A founding "investor" (as opposed to a founding manager) seems to me to be a perfect outside director. His interest is in the value of the enterprise, and his ego is not involved in changes that the quest to increase that value may require. Furthermore, smaller shareholders know that the longer term welfare of the company has the keen attention of someone with a suitably large holding, particularly since a large shareholder can't get out of a stock as fast as someone with relatively few shares.

    So Microsoft is "fine"—better than MANY established firms with huge (rubber stamp?) boards—in having 4 outside directors and 3 management people. Two of the "management" directors really are "shareholder directors", i.e.—more akin to outside directors than inside because of the massive value of their holdings (making their employment role rather meaningless to them financially). And ironically, making my point perfectly, the one token "small shareholder" outside director was useless and finally quit! What real motivation did she have to stay?

    No, I think this perspective changes the nature of the problem here. Perhaps Microsoft should have 2 (now 3) more large investor non-management directors, but that probably would not have changed the shortcoming that you outlined. Gates may well have listened less in a more threatening environment of 8 other directors instead of only 6. And if one of them was there simply because he was CEO of another, hopefully substantial, company, Gates might have crawled deeper into his hole.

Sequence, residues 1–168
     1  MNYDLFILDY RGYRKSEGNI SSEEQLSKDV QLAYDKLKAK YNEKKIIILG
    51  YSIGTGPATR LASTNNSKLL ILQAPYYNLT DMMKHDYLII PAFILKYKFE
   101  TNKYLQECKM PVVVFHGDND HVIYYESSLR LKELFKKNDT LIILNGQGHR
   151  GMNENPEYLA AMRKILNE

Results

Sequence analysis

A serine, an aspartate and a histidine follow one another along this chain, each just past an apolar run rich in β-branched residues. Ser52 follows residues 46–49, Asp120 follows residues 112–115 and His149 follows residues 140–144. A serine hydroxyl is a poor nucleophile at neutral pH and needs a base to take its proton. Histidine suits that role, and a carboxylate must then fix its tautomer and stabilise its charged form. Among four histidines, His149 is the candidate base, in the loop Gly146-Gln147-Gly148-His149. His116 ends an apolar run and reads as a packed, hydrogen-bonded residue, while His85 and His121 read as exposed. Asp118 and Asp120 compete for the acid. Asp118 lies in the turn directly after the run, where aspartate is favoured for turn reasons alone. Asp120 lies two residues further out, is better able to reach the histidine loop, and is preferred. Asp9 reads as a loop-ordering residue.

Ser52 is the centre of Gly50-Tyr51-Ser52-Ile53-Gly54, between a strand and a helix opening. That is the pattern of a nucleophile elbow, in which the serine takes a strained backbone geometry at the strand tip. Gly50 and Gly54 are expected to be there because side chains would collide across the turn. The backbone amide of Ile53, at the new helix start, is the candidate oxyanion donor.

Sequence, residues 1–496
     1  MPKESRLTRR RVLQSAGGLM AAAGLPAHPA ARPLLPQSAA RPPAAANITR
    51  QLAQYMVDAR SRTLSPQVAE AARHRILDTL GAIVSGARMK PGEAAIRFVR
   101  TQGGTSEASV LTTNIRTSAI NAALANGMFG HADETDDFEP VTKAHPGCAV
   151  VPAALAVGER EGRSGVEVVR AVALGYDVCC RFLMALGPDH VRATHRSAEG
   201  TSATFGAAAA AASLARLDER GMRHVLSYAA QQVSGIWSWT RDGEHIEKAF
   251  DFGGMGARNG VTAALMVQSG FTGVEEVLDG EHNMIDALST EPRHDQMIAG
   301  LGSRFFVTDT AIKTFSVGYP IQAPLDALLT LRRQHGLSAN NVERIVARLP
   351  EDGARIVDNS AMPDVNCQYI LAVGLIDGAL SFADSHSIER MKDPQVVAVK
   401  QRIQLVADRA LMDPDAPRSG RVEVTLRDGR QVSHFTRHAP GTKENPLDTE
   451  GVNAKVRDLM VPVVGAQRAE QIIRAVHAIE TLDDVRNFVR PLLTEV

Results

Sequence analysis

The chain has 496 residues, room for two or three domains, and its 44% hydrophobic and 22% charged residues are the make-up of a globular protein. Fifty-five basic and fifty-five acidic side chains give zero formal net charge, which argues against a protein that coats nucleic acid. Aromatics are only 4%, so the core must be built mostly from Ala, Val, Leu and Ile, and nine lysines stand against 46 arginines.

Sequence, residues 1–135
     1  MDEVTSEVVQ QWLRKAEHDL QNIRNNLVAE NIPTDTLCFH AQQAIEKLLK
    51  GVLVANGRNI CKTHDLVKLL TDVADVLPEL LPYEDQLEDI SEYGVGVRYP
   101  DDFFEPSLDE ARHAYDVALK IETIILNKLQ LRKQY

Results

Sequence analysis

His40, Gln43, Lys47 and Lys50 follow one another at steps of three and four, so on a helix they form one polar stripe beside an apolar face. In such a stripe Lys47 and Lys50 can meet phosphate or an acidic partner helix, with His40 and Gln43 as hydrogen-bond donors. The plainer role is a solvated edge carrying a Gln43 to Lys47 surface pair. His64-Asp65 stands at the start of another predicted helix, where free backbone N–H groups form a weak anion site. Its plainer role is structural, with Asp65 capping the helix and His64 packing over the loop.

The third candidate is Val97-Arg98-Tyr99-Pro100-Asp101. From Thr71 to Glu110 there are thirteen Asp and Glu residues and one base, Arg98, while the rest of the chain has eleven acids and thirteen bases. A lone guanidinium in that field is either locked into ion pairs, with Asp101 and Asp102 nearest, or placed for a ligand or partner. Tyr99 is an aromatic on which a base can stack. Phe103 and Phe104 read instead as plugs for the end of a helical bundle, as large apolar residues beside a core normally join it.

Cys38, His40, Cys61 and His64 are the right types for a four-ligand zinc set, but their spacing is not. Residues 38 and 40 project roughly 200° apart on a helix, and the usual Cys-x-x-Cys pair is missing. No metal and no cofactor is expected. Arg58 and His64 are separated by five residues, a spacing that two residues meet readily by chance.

True, it is possible that another director with a suitably activist personality might have gotten Gates to take a broader view of Microsoft's situation. But that would involve the happenstance of personality, not a structural improvement such as the kind for which you are searching. Unfortunately, I believe we see the hard-headedness of a founder in this case, not something representative of a grander problem. Not that "founder hard-headedness" is not a BIG problem for newly emerging companies. It may be one of the biggest problems that they face.

    Of course the Board has a duty to attempt to provide counsel. In the case of Microsoft, I find it nearly unimaginable that one or more of the directors didn't do just that. Remember, this company has been magnificently successful. Such success did NOT come from the exclusive efforts of one man, nor, most probably, without very effective interaction from the Board. So, with these practical assumptions, I suggest that the Microsoft Board is a fine model, and that the founder just couldn't get himself to listen to good advice. Too bad. If someone can figure out how to get people to listen to good advice when they don't want to hear it, now THAT would be something big!

     
     
     
    • Jim Ullyot (HBS MBA '66)
    • President, Creative Communications, Inc.

    In addition to insider boards, one should suspect the failure of legal counsel (whether inside or outside) to take a stronger stance in advising any company on the strategy for responding to a government inquiry/law suit—as well as "preventive maintenance" beforehand. I am reminded of a friend who is an expert on "crisis management", publishing a newsletter on a regular basis. He's out there with case studies and examples of how companies have been blind-sided or surprised by various crises and what has worked best (or what he recommends to work best) in such situations, in effect preparing his clients for what may come—and perhaps more importantly, how to avoid some of the more avoidable catastrophes.